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Psychology and Human Development (lecture 5 5 ) ) Lecture 55. . Social and Personality Development and types of play in preschool years. 1. 1. Psychoanalytic theory of personality development. a. a. Oral stage b. b. Anal stage c. c. Phallic stage 2. Types of attachment according to M. Ainsworth (security theory) 3. Types of play and their importance
Psychoanalytic Theory about forming attachments. . Sigmund Freud (1935): psyche: the id, the superego, the ego. — During infancy all behaviors are aimed at gaining pleasure and avoiding pain. (pleasure principle) — As we get older, the pleasure –seeking behavior is limited and we choose to behave within laws and moral norms (reality principle) — Those infants who can integrate the reality principle into their psyche will form good close relationships with people around them.
Psychosexual stages I Oral stage (0 -2) – a stage of life when we get sexual pleasure from oral stimulation; e. g. eating and sucking. Pleasure via mouth – the id is satisfied Problems : no breast feeding before the developmentally ‘right time’, the child will become traumatized (the id’s demands are not fully satisfied) Conclusion : if the child feels depressed and anxious during the oral stage, this feeling will affect his attachment to his mother.
II Anal Stage (2 -5) A stage of life where we get pleasure from anal stimulation; e. g. bowel movements. Sensory pleasure: from toilet activities– the id is satisfied Problems : weaning the infant from nappies to the potty too early will lead to strong resistance and anxiety. Conclusion : the distress will affect his attachment to the mother.
III Phallic Stage (5 -7) Stage when we become preoccupied with our genitals and develop a sexual attraction for our opposite-gender parent. The Oedipus complex Boys get a drive to become the sexual partner of their mother and see father as a love-rival and engage in aggressive behavior. —————————— Resolution: they emulate the behavior of their father. The Electra complex Girls develop a sexual attraction to father, with mother as a love-rival and engage in aggressive behavior towards mother. —————————— Resolution: to get father’s attention, they emulate the mother.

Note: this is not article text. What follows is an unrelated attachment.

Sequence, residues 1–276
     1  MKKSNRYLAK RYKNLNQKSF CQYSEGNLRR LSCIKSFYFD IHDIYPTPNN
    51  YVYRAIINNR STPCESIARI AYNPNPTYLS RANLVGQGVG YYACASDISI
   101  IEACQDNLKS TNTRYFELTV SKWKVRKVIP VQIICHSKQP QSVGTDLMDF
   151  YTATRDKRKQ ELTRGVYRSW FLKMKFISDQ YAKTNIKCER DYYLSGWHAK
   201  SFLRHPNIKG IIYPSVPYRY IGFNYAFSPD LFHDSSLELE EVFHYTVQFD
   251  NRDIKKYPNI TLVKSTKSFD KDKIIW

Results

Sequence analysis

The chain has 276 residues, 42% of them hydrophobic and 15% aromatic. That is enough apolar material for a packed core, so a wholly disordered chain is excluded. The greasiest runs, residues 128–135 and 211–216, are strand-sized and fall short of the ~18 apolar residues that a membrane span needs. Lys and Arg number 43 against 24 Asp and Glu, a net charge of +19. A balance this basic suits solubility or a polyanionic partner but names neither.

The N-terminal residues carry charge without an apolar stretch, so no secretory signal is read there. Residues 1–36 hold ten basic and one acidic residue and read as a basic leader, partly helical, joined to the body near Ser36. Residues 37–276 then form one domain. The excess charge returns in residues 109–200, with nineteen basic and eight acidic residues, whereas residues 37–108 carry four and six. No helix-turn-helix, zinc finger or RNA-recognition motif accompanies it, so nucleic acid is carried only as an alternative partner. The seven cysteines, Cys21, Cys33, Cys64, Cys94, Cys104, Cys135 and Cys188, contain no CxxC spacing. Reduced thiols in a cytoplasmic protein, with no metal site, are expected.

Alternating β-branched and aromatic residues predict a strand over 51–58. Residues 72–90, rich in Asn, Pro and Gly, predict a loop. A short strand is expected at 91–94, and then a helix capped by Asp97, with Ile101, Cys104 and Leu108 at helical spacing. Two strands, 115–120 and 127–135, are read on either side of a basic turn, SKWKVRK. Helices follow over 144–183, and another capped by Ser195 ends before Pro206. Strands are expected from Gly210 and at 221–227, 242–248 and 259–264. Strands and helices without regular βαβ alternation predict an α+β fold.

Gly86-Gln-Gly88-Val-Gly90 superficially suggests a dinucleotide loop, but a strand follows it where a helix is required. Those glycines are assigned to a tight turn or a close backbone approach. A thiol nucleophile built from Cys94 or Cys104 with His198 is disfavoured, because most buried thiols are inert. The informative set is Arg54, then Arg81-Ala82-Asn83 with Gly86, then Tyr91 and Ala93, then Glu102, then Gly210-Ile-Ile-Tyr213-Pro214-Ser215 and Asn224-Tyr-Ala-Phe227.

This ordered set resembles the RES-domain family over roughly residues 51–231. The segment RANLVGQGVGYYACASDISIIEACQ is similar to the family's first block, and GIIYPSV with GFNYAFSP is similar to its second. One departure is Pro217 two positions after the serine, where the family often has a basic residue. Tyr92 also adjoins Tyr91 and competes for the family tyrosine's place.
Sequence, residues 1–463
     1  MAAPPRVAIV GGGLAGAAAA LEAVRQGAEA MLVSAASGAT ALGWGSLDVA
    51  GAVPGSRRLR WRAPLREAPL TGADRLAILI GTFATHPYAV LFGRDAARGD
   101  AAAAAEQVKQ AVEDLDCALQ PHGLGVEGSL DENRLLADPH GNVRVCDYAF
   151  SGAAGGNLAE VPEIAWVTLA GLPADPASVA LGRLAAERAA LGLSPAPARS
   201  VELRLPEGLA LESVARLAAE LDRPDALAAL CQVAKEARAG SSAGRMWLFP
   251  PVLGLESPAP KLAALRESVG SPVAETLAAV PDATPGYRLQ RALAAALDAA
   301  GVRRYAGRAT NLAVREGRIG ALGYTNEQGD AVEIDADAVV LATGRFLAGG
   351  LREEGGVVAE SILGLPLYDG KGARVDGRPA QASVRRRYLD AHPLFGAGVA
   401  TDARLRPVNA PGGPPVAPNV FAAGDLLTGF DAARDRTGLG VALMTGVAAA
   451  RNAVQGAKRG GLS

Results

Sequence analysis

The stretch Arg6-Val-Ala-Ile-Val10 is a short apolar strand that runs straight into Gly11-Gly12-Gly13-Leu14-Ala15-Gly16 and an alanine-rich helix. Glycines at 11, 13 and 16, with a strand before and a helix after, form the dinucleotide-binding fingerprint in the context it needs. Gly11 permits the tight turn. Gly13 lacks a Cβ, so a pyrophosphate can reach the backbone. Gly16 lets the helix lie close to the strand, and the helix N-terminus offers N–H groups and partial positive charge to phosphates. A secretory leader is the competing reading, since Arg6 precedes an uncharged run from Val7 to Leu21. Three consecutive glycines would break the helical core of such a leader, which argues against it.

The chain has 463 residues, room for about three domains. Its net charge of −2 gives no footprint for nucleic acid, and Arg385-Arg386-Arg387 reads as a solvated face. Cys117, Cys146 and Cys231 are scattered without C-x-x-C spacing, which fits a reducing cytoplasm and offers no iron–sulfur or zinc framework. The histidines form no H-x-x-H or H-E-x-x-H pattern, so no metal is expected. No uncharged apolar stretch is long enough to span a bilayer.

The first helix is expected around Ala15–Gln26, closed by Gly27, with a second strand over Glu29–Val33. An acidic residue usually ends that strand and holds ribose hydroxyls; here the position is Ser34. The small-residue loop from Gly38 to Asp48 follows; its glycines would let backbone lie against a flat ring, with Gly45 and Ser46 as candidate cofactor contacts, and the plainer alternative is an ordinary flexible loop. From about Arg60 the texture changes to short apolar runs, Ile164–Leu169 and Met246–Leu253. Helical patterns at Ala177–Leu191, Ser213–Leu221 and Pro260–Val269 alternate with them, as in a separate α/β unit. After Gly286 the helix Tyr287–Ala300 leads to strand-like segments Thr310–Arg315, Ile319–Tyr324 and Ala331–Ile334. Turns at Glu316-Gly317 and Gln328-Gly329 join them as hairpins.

Conclusion : boys and girls develop attachment to include mannerisms and behavior of the same –gender parent. By copying they induce love and attention from the opposite-gender parent and develop attachment.
Successful completion of oral, anal, and phallic stages leads to strong attachment to both parents and as they get older, they will form healthy, strong attachments in adult life.
Unsuccessful completion : : Fixation : the child unsuccessfully resolves the conflict at any psychosexual stages of development and cannot progress to the next stage as a result. Personality problems : : Oral Stage Might show incorporative traits: dependency, jealousness, sadistic traits, sarcasm, verbal aggression. Anal Stage Might be messy, cruel, destructive, obstinate, neat or stingy. Phallic Stage Boys: macho aggressive, sexuality, striving for career potency, or sexual and occupational impotence. Girls: flirtatious or do not engage in sexual interaction.
Regression — — When stress gets too much you revert to behaviors exhibited at the psychosexual stage at which you became fixated. Defense mechanisms: Oral Stage Under stress you regress to using cigarettes, alcohol, or food to resolve the anxiety. Anal Stage Under stress you experience butterflies in the stomach, constipation or diarrhea. Phallic Stage under stress you experience sexual aggression, impotence or lack of sexual desire.
Security theory – types of attachments. I Secure attachment Infants often use their mothers as a base for exploring a new environment. They will explore the immediate environment but always keep the mother in sight or know where she is (synchronous activity, happy with reunion) II Resistant attachment: Infants show mixed reactions to their mothers and may either approach them or push them away in an unfamiliar situations (show mistrust, blames when reunited)